Also, some of these patients have incredible IL-6 levels. I've never seen numbers this high even in my AIDS patients with KICS. One guy had a level above assay which were pretty sure has never been reported by our lab before.

Obviously we dont know what they were for Spanish flu patients 100 years ago but the cytokine storm was the hallmark of that disease. We're seeing something similar here.
No material on this site is intended to be a substitute for professional medical advice, diagnosis or treatment. See full Medical Disclaimer.
Infection_Ag11
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SteveMedina said:

When you say severe.....how bad is severe?


Patients requiring supplemental oxygen beyond regular nasal cannula, which in COVID usually ends up being a ventilator. We don't really try NIPPV as the OP said because it doesn't help much and risks aerosolizing the virus. I've had one patient saved from a vent by high flow nasal cannula, which in terms of pure oxygen delivery is the most we can provide prior to intubation, but generally these people are either on NC or getting intubated because the hypoxia becomes so profound so quickly if they crash.
No material on this site is intended to be a substitute for professional medical advice, diagnosis or treatment. See full Medical Disclaimer.
FunkyKO
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AG
That damn severe. Got it. Thank you.
Moxley
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AG
Correct if I'm interpreting this wrong, but extubation is occurring (on average) day 10 of being on the vent?
TAMUallen
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AG
Prayers sent your way nawlins and to all other doctors, nurses and healthcare professionals
nawlinsag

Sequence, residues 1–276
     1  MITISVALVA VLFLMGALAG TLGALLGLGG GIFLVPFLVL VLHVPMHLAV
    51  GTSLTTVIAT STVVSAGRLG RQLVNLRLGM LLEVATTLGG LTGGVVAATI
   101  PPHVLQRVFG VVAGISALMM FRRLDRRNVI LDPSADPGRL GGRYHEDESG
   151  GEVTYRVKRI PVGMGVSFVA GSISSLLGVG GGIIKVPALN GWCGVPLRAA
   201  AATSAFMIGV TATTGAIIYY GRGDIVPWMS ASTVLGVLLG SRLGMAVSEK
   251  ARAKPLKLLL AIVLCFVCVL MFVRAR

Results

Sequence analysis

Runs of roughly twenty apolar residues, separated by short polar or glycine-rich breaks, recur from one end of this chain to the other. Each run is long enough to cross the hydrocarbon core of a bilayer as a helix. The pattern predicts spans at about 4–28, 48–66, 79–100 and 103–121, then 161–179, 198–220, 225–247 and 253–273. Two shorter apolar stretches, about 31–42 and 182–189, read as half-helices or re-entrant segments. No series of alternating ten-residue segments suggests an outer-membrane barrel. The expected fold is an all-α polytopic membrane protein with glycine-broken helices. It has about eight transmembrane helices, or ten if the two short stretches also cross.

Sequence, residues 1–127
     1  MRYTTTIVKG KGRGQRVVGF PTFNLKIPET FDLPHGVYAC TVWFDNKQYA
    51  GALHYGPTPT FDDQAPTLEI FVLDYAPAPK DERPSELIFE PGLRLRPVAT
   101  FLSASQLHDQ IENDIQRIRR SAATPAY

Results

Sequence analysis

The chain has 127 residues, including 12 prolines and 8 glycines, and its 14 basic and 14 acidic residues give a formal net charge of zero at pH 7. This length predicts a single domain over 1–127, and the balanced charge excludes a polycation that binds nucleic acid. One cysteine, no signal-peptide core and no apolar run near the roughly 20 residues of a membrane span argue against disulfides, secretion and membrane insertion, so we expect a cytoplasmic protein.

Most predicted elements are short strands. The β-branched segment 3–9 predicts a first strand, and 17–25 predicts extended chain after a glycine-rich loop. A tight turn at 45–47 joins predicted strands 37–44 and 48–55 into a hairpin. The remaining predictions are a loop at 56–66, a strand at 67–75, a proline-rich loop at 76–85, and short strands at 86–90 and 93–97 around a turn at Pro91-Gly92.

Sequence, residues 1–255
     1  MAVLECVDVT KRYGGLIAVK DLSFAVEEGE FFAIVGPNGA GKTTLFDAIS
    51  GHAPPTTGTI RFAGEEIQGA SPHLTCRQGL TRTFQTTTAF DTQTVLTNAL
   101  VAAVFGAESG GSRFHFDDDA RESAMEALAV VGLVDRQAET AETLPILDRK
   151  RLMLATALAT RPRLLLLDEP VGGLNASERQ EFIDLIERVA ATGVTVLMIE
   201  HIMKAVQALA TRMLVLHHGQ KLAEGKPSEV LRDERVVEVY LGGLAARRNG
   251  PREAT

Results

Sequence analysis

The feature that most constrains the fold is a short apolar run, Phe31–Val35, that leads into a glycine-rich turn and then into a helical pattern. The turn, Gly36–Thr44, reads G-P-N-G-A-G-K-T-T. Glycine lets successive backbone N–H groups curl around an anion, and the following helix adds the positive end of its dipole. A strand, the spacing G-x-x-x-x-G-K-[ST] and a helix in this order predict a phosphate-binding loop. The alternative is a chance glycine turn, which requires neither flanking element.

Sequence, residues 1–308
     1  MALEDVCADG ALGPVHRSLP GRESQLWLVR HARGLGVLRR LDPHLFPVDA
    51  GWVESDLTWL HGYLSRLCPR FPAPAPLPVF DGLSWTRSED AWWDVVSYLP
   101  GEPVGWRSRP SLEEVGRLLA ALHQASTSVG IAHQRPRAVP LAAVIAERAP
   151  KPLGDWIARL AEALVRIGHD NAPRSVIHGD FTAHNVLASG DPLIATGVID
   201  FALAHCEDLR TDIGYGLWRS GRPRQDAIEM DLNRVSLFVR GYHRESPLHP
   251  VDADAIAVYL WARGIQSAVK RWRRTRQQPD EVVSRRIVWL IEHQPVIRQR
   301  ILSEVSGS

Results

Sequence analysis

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That is correct. Once on the vent if they survive expect them to be on 10-11 days.
No material on this site is intended to be a substitute for professional medical advice, diagnosis or treatment. See full Medical Disclaimer.
nawlinsag
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400mg bid day one then 400mg qd for 4 more days is the goal. But my goal is for the patient to be managed by someone else after the first dose. Although our ER group is helping with floor intubations, central lines, and art line placements so I am seeing some of the longer term treatments.
No material on this site is intended to be a substitute for professional medical advice, diagnosis or treatment. See full Medical Disclaimer.
TelcoAg
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AG
Man needs a tag, mods

Thank you for taking the time to put this out with all you got going on
Pelayo
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AG
nawlinsag said:

400mg bid day one then 400mg qd for 4 more days is the goal. But my goal is for the patient to be managed by someone else after the first dose. Although our ER group is helping with floor intubations, central lines, and art line placements so I am seeing some of the longer term treatments.
Hang in there.

So glad I only do three ed shifts a quarter now.
No material on this site is intended to be a substitute for professional medical advice, diagnosis or treatment. See full Medical Disclaimer.
Ag_of_08
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AG